Domestic Violence can be described as where one adult in a relationship misuses power in order to control another. It is the establishment of fear in a relationship through violence that includes other forms of abuse. The violence may involve physical abuse, sexual assault and threats. An application can be filed to the Magistrate under Section 12 of the Domestic Violence Act, 2005.
6. Cruelty Or Dowry Demand
To curtail the growing incidents of dowry torture and dowry death, a new Section was incorporated into the Indian Penal Code – Section 498A. According to this Section, whoever being the husband or relative of the husband of a woman, subjects her to cruelty shall be punished with imprisonment for a term which may extend to three years and a fine. Cruelty herein means any willful conduct that is likely to drive a woman to commit suicide or to cause grave injury or danger to her life, limb or health of the woman. Or harassment to force her to meet any unlawful demand for any property or security or on failure to meet the demand.
5 Organisations That Support The Fight Against Injustice To Women
Here are a few organisations that usually cover one or more of the following objectives:
- Rescue women and children from unsafe or violent environments
- Rehabilitate women and children at a safe temporary or permanent shelter
- Provide vulnerable women with financial support or vocational training
- Help women become financially and socially self-reliant
- Provide legal advice to help victims of sexual or physical violence understand their rights
- Help women initiate the judicial process to attain justice
- Provide counselling and psychological rehabilitation
The International Center for Research on Women was founded with the belief that when women have opportunities to improve their lives, everyone benefits. Headquartered in Washington DC, it has regional offices in New Delhi and Mumbai. You can visit their website or connect via the following ways:
Contact: 011 4664 3333
Email: [email protected]
2. One-Stop Crisis Centre
The Justice Verma Committee set up after the 2012 Nirbhaya gang rape case, called for establishing a One-Stop Crisis Centre to cater sensitively to the immediate medical, legal, and psychological needs of the survivors. Get more information on the official Ministry Of Women & Child Development of India website.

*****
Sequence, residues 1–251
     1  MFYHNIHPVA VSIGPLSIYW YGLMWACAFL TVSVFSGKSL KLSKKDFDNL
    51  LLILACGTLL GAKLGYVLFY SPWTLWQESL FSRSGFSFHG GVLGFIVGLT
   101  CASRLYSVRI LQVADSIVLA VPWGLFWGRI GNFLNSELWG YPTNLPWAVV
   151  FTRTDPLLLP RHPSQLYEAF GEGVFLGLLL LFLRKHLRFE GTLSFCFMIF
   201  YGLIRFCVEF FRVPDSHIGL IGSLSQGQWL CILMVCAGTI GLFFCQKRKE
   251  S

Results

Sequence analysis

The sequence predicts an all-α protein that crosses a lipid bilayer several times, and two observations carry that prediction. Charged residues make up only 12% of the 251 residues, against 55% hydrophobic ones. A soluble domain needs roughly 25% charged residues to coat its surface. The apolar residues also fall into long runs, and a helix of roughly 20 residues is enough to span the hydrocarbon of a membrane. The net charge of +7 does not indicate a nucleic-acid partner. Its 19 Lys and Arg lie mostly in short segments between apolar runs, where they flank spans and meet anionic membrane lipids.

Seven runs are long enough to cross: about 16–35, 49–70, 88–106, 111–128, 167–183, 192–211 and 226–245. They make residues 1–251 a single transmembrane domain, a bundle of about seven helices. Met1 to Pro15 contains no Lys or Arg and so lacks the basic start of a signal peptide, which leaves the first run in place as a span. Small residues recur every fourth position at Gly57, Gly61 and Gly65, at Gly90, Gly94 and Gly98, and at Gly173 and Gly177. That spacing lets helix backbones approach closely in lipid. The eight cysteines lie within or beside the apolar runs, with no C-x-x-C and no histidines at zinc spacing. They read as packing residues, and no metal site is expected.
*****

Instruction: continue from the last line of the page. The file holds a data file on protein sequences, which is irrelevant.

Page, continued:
Here are 5 other NGOs working towards women’s empowerment.
3. Azad Foundation
Azad Foundation focuses on women who continue in abusive relationships because of their financial dependence on their husbands. The New Delhi-based organisation trains women in professions traditionally closed to them and helps them achieve financial independence. Visit their official website or connect via:
Contact: 91 11 4060 1878
Email: [email protected]
This is a women’s crisis intervention centre of the Bengaluru-based women’s organisation, Vimochana. The centre was set up in 1993 to systematically reach out, respond and offer moral, social and legal support to women who are victims of violence and abuse both within marriage and outside, enabling them to lead a life of dignity free from violence. They are available through the following mediums:
Contact: 91-80-25492781 / 25494266
Email: [email protected]
5. Lawyers Collective
Founded in 1981, Lawyers Collective is an NGO founded by senior lawyers Anand Grover and Indira Jaising. It is distinguished by its membership of professional lawyers, law students, and human rights activists. The NGO was created with the objective to provide expert legal assistance to the underprivileged, especially women and children, workers in the unorganised sector, and other members of marginalised groups. You can get in touch with them via:
Email: [email protected]
It might seem like a grim picture but hope is just around the corner. With awareness, education and breaking of stereotypes and silence around taboo topics, progress for Indian women isn’t far behind. And as a responsible citizen and fellow human, you can step up to make a difference. Volunteer at NGOs, talk to someone in need and open your arms and heart to those who seek help.